‘Have nothing in your houses that you do not believe to be beautiful’

The newly reopened William Morris Gallery in Walthamstow is hosting a commercial exhibition of new work by artists from the Society of Designer Craftsmen, the largest multi-craft society in the UK.

Nacre, paper porcelain
Nacre, paper porcelain layered vessel by Judith Battersby

Everyday Encounters is a response to Morris’ doctrine, ‘Have nothing in your houses that you do not know to be useful or believe to be beautiful’. The exhibition brings together a range of artefacts which explore the potential of materials, decoration, narrative and the role of craft in everyday life: Morris’ legacy to contemporary crafts. Twenty-eight members of the Society were shortlisted to present textiles, ceramics, mixed media and metal work dedicated to the enrichment of the smallest acts of living. 

Shoal, hand-stitched textile sculpture by Jenny Ford, velvet and mixed media

There is a particular emphasis on unusual interpretations of materials. Sometimes these appear to fight against functionality, such as Marion Hewitt’s glass books, but all encompass an immaculate attention to the attributes and associations of the materials, such as Jenny Ford’s melting textile sculptures, and Rosalind Robert’s lamp which wittily recycles a ‘discarded book’.

Contortion, Rosalind Roberts
Contortion: Contorted hazel, burr elm base, discarded book, by Rosalind Roberts

Several of the works include a conceptual as well as a craft element, such as Susie Vickery’s ‘I-bandolier’, encircling the wearer in the paradox of the manual force behind mass production. Amarjeet K. Nandhra’s printed and stitched hangings are particularly impressive in their conceptual and graphic elements, with an emphasis on cracks and fissures, and the beauty of use.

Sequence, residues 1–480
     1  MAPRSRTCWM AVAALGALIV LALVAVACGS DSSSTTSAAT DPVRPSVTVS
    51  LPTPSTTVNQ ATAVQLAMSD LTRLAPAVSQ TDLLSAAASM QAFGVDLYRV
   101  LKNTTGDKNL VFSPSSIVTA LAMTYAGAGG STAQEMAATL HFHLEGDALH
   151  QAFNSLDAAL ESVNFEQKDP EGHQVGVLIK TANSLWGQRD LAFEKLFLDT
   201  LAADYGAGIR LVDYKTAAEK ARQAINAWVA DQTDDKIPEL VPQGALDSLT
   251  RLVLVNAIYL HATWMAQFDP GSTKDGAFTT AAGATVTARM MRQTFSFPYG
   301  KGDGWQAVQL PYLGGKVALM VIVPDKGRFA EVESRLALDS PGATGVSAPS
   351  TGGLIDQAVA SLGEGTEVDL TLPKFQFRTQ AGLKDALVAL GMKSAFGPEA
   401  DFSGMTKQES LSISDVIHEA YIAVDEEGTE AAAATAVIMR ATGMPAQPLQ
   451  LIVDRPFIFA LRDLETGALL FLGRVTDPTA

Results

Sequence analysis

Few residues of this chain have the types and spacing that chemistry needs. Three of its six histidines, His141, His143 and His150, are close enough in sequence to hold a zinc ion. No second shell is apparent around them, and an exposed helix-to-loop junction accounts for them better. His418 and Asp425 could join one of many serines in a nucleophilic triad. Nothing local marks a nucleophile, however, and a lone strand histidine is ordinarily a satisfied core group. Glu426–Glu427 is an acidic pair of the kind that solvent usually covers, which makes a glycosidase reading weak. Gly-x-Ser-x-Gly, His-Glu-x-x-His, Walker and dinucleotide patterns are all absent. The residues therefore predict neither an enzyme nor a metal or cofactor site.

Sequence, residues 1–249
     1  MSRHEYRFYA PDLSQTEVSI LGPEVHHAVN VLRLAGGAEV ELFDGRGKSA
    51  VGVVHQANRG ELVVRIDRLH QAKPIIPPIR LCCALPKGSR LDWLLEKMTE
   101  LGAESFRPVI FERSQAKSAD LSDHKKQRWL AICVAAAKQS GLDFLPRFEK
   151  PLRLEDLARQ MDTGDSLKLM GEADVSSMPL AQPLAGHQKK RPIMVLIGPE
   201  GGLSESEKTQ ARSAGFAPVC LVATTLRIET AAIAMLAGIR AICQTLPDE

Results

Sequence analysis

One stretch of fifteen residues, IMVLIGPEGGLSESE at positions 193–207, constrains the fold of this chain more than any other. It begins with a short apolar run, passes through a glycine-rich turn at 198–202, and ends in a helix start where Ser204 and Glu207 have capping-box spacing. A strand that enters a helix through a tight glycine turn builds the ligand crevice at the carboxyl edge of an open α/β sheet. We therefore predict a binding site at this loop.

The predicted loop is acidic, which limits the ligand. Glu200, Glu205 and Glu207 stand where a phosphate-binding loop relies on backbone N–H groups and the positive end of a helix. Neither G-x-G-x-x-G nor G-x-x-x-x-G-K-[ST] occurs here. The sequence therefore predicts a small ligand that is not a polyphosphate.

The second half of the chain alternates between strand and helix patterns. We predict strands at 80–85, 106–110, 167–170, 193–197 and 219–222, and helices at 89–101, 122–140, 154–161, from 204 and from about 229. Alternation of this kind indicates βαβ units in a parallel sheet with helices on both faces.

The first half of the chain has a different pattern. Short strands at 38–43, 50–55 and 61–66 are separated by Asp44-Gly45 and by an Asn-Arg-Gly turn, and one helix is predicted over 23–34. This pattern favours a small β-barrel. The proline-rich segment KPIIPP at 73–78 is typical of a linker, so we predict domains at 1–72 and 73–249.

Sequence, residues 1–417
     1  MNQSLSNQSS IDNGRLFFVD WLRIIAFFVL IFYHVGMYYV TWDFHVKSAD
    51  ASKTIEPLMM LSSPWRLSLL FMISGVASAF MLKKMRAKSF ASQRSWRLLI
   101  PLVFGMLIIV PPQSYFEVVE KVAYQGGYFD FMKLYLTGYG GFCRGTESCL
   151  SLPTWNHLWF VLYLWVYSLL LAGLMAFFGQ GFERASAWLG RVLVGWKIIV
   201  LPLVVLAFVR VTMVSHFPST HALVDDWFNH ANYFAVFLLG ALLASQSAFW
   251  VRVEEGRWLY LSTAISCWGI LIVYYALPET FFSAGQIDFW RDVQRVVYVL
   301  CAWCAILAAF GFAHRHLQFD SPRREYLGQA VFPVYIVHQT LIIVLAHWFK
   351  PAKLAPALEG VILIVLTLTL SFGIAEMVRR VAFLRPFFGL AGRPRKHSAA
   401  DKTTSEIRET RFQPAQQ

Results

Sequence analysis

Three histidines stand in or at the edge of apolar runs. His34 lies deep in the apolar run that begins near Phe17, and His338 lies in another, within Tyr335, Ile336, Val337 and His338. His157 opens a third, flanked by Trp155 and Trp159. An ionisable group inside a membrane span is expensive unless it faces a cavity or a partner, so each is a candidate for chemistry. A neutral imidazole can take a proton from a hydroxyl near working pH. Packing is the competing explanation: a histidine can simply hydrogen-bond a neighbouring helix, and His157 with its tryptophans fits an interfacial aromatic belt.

Hangings, Amarjeet K Nandhra
Printed and stitched hangings by Amarjeet K. Nandhra

The choice of objects and curation of the exhibition is structured upon the Gallery’s key interpretations of Morris’ life and work, demonstrated in the different rooms of the recent refurbishment. Key focuses include the influence of fellow designers, the commercial values manifested by Morris & Co, the idea of the multifaceted object of design (exemplified in the ‘Ideal Book’), and the role of Morris as an activist for socialism, the environment, and heritage.

Stoneware, Pam Schomberg
Stoneware plate, jug and pot on three legs, Pam Schomberg.

The curatorial ethos of the gallery is anchored by Morris’ own values, but seeks to provide a contemporary interpretation of ideals tempered by the necessities and preoccupations of modern living. The Society of Designer Craftsmen holds a debt to Morris’ ideals; founded as the Arts and Crafts Exhibition Society in 1887, it was created at the height of the Arts and Crafts movement, with Morris as its president from 1891. However, the Gallery permits the objects their own breathing space; this is an exhibition of possibility, not merely commemoration.

William Morris Gallery
The William Morris Gallery, photographer Oliver Dixon/ Imagewise

Everyday Encounters is on show at the William Morris Gallery, Forest Road, London, E17, from 13 October ­ 3 February 2013.

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